How To Support Your Team During The Coronavirus Crisis

The Coronavirus has shown us how quickly businesses can be shut down. Government mandates can come quickly. They can effectively make your business grind to a halt. If you’re not prepared.

Once a government mandate comes to close your business, what do you do?

Team members gathered around a table

Photo by Annie Spratt

You’ve probably chosen to send your team home to work remotely during a crisis. They have their laptops, a VPN connection, and access to their emails.

You may think you’re done supporting your team through the crisis. You’d be wrong. You have to do so much more than provide tools to keep them working during a crisis.

How To Support Your Team During The Coronavirus Crisis

1. Provide tools for them to be able to work without interruption:

You’ve probably already done this step. You knew your team needed to work from home so you equipped them with laptops, VPN connections, and email that can be accessed anywhere.

That’s great. That’s the first step and it ensures their connection to the office doesn’t stop.

Your team will be grateful to be able to access their documents and business continuity software. But leaders have to go further to support their teams during a crisis.

2. Be available for your team to connect with you:

Crises are difficult times for people. The Coronavirus has separated people from their work families. The separation has been an extended period of time.

This disconnects people from the people they spend the most time with. It also disconnects them from their leaders.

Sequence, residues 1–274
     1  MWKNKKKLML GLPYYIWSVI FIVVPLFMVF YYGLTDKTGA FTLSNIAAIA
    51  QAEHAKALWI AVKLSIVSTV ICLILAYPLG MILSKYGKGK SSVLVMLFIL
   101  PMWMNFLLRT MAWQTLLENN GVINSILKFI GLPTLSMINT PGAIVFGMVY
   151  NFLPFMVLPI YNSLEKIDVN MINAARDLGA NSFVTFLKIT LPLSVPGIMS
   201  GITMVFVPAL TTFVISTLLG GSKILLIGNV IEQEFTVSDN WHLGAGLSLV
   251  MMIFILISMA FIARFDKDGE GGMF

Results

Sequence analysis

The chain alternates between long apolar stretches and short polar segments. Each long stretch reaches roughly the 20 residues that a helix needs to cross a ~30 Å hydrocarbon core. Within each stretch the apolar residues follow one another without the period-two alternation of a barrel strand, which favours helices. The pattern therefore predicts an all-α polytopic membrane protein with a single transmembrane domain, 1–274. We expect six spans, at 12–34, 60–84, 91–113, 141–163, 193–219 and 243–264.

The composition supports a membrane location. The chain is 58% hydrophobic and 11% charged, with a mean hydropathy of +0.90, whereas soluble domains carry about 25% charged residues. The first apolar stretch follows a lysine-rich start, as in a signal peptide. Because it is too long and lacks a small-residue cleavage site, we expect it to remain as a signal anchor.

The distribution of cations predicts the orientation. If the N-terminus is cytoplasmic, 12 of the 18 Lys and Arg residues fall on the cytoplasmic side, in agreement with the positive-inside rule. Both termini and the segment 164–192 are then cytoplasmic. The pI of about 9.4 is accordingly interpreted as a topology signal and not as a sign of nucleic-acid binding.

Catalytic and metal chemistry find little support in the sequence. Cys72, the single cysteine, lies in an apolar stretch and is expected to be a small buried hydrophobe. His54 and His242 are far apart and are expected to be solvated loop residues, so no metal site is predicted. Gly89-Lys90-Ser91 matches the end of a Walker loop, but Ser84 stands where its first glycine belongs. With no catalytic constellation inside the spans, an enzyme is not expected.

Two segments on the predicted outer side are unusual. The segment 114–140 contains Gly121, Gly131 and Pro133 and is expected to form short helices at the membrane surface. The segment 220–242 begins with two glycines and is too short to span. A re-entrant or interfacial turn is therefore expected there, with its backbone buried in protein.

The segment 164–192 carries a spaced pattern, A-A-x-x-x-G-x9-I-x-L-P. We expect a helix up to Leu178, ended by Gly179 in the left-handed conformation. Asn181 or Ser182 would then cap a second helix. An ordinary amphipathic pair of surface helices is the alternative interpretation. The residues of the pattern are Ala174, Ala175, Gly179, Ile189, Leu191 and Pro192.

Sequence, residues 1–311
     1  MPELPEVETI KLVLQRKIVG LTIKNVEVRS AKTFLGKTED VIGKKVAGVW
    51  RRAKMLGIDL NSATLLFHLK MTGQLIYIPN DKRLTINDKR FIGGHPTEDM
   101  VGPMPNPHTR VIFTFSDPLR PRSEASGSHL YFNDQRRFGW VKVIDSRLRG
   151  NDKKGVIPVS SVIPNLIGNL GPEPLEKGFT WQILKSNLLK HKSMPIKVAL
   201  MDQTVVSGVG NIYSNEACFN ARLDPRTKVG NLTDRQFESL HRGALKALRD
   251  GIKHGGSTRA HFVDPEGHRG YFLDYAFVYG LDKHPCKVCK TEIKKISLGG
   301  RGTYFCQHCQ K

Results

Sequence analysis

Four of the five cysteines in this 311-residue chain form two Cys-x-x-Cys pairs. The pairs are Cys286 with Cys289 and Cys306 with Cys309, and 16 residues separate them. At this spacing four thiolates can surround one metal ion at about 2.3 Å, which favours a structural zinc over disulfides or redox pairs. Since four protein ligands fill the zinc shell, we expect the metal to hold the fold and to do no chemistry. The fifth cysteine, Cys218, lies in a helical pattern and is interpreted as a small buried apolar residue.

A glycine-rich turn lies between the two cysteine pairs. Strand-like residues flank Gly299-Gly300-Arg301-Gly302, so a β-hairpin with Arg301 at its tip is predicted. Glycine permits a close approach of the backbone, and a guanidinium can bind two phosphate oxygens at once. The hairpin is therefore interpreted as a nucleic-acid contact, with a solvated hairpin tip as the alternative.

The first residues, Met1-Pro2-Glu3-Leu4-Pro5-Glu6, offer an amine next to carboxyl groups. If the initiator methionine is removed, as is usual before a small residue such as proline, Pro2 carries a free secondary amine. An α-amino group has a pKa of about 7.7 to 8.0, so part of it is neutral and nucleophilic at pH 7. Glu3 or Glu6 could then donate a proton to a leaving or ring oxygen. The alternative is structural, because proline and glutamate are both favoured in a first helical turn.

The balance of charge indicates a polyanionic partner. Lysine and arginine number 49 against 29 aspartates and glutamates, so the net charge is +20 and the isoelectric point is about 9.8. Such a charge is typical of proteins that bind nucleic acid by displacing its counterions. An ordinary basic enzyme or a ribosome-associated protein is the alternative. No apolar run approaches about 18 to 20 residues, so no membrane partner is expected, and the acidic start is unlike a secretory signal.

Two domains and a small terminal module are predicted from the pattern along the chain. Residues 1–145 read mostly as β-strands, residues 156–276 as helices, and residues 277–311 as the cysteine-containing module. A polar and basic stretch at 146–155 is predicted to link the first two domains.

Leaders must be available during times of crisis. Whether the connection is through Zoom meetings, phone calls, or text messages, find ways to be available to your team.

3. Offer counseling services:

Your team is scared. They don’t know the status of their jobs. Incomes have been reduced. Jobs may have even be lost.

This not only creates a monetary need for your team, but it also creates an emotional need for your team. Their feelings are all over the place. They need someone to talk to.

This person will not be you or anyone that works at your organization. This person should be a trained counselor.

Find a way to offer legitimate counseling services to your team members. This could be by partnering with a professional counseling organization or by paying for counseling out of a benevolence fund the organization has set up.

4. Give them something to do:

When the business I work for shut down for 3 weeks, I began to go a little stir crazy. It was nice at first. I was able to get a lot of home projects completed that I had put off.

As the weeks went on, the projects became less and less. I began to wonder what to do next to be productive…

While we’re back in business now, it was a struggle. The loss of purpose and direction was felt. It sucked.

If you’re able to, find ways to get your people back to work as quickly as possible. This could be doing tasks that weren’t able to be completed during the busy uptime. Or they could be new projects to help your business succeed once the crisis has ended.

You can help your team members by giving them a purpose or mission during a crisis.

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